**
Win Corduan**

**PAGE 3: PHI IN EQUATIONS**

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Allow me to revisit what we’re doing here. We’re examining the nature of phi (1.61803…), the golden ratio constant, and for the moment we’re doing so as far away as we can get from the Fibonacci series and its exemplifications in art or nature. My point is to try to demonstrate its inherent elegance, which stems from its Creator just as much as the arrangement of flower petals and other “fibonaccied” items in nature.

Let’s go back to the question of two days ago: How contrived is the golden ratio? For example, take the golden triangle, which includes phi as an important ratio. Is it something that has been concocted just to show off phi, or is the golden triangle something that we can uncover and discover in other places. A partial response has been that it is included in the formation of a regular pentagon, and, thus, can be discovered without being guilty of fabricating an artificial instantiation just to smuggle in **phi**.

**Phi** is also found apart from geometry in number theory, which we can combine with a little algebra. Remember that **phi** is just one member of the infinity of all real numbers, which, as demonstrated by Georg Cantor, has turned out to be larger than some other infinities. However, it stands out from this uncountable crowd, right next to **pi**, **e**, **i**, **√2**, and a few others, due to its special properties or notoriety.

**Phi and Some Nested Square Roots**

Here are two ways of finding **phi** without geometry. We will take a look at a couple of somewhat unusual-looking formulas and turn them into equations, which will resolve into **phi**. Here is the key: We came up with the formula for **phi** by setting the length of the base of a golden triangle as 1, and one of its sides as x. We were able to manipulate those numbers into a quadratic equation

**x ^{2} -x -1 = 0**

The method for finding **phi** tonight is going to consist of finding several equations that can also be rearranged into the same quadratic equations. I found the following two equations in Livio

Let’s start with a formula that consists of an endless fusion of square roots. Given:

By the way, this thing is a formula, not an equation. You can only have an equation if there are two (or more things) that are considered to be equal, as, e.g., in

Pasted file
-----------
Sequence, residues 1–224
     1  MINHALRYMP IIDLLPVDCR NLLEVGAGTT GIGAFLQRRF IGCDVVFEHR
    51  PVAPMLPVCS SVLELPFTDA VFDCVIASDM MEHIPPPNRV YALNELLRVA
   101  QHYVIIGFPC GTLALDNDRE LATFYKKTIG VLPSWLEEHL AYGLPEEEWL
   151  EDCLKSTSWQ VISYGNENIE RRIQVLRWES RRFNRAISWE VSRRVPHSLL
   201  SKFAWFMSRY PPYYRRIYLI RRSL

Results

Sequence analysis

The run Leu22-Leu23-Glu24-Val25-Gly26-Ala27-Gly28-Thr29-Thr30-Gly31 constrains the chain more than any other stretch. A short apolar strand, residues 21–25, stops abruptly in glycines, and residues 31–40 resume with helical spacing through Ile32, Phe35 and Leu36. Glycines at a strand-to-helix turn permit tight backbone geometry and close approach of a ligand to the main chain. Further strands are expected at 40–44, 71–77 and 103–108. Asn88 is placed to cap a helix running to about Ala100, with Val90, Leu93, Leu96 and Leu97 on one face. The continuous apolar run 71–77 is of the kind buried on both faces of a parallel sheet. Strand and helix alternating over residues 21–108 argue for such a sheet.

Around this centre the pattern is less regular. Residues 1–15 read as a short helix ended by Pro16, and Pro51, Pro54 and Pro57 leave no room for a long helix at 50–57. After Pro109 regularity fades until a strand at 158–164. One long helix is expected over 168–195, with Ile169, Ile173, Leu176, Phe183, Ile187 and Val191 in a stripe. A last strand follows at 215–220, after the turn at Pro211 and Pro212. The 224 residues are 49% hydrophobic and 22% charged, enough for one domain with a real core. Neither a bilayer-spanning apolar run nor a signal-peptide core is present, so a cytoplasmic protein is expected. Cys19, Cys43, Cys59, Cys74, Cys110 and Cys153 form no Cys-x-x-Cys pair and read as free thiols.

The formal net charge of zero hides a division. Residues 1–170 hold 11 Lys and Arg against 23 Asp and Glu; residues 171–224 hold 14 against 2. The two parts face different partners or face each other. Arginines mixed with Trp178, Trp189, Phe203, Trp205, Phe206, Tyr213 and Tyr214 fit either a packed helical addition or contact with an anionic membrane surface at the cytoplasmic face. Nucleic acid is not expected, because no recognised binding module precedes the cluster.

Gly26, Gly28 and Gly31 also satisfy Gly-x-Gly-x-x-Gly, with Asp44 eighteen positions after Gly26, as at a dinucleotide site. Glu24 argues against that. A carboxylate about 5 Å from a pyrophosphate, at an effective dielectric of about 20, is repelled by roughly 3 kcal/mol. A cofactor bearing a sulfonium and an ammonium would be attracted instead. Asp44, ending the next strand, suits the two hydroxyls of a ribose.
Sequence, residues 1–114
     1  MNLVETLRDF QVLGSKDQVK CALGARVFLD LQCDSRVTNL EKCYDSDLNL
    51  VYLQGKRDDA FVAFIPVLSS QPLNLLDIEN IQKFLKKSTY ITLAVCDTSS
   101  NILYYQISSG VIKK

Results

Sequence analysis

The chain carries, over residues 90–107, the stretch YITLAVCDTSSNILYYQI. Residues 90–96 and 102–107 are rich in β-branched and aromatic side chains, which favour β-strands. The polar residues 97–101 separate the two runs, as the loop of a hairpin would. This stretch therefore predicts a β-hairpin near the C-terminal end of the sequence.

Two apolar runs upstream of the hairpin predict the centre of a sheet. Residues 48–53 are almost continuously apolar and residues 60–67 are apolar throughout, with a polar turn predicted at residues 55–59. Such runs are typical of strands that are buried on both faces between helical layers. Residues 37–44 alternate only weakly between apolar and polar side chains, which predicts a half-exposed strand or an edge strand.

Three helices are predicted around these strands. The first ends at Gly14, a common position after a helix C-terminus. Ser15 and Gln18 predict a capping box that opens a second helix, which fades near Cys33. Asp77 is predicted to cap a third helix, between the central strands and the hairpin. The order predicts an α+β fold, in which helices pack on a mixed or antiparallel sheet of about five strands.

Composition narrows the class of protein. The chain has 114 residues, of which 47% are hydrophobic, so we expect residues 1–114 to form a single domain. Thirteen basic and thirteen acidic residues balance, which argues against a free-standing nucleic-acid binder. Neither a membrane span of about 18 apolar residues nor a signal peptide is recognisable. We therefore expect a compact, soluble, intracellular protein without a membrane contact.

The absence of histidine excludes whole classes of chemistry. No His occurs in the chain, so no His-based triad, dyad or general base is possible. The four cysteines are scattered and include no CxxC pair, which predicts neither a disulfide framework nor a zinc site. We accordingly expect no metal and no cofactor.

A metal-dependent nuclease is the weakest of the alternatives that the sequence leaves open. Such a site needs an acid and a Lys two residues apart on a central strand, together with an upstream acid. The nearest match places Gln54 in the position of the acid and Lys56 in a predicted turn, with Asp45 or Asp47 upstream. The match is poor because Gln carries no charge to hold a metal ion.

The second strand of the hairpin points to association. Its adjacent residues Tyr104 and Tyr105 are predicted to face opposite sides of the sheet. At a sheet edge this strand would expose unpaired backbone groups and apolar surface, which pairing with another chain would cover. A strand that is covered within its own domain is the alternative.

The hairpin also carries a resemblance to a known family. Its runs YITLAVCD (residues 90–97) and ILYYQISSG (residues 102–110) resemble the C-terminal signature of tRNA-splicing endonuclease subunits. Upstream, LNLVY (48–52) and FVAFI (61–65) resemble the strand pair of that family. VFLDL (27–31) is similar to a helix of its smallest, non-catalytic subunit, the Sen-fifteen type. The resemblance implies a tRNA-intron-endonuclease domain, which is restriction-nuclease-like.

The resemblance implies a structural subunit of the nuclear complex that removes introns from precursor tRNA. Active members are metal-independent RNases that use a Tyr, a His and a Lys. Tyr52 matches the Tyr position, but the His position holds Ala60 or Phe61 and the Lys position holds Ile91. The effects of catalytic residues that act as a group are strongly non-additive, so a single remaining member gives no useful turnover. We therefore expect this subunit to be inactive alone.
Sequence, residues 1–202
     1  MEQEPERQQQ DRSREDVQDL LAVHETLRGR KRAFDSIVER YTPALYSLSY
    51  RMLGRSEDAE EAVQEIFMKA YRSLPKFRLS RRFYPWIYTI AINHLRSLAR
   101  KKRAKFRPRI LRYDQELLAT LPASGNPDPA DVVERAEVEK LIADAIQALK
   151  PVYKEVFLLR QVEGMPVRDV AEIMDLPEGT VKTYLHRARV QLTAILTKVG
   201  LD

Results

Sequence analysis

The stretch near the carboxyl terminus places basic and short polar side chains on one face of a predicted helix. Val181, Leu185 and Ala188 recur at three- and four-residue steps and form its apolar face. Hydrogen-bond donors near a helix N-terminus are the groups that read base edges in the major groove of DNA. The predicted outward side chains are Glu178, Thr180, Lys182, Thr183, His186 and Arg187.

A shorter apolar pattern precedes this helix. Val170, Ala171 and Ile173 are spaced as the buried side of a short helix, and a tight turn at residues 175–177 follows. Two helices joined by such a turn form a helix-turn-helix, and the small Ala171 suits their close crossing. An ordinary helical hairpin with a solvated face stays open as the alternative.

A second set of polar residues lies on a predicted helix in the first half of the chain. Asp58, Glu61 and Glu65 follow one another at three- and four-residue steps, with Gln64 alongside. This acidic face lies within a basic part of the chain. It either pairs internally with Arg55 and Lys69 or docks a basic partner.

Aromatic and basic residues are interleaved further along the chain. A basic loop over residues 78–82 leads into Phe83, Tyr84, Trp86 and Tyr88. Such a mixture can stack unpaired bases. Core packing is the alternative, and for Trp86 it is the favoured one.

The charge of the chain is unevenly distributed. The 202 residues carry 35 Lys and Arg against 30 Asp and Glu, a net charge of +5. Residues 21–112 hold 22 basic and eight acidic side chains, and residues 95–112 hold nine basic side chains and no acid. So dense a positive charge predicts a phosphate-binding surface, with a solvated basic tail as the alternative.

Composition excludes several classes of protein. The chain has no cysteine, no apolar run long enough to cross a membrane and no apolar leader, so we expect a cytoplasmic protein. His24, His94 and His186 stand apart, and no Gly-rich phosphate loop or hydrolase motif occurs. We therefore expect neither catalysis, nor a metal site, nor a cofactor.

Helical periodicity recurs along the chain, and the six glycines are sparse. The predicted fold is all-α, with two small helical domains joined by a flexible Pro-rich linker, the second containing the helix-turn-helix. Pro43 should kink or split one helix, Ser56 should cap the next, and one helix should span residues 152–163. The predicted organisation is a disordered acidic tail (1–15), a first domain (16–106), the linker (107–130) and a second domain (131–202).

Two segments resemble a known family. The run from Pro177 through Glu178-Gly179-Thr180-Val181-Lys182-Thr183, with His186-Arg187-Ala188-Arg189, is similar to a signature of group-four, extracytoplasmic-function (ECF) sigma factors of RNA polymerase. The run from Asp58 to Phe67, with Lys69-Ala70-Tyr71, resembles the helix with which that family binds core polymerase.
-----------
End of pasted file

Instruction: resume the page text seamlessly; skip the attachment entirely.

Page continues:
It would be extremely tedious to work out a value for x from this equation if we were to calculate the square roots of square roots, etc. But there is an easier way to do so.

We can square both sides. Squaring x gives us x^{2}, and squaring the formula to the right resolves the first square root into a 1.

Now it is apparent that the collection of square roots that follows after “1 +” is still identical to the original given formula since both extend to infinity,

and, what’s more, we have already designated it as **x** above.

Then, substituting **x** for that nest of square roots, we get

which we can reformulate to fit the pattern we had looked for as

This is, of course, the formula which has **phi** as one of its solutions. Just think: we have derived it from that unwieldy collection of square roots.

**Phi and a Continuing Fraction**

So, now you feel like the Lone Ranger and want to save the world from more confusing formulas. That’s great. I’m with you all the way. Let’s try this monstrosity, which in mathematical argot is counted among a large group of “continuing fractions.” Continuing fractions are characteristic of irrational numbers. We start with a 1 and add the fraction, which has 1 for its first numerator and is followed by a never-ending, always-repeating "1 + denominator/numerator of 1." Given:

Again, before we do anything else we need to turn this formula into an equation and label it with the variable **x**.

As you seek something wonderful in this equation, may I call your attention to the section underneath the topmost numerator of 1.

As in the previous equation, what you find there is actually identical to the originally given formula. There is no difference because both of them can be extended to infinity. And thus, we can safely apply the same letter variable, **x** to this new continuing fraction, which is also the old one. Remember now, that the area we have marked out is the denominator, and that the numerator of 1 still stands as before.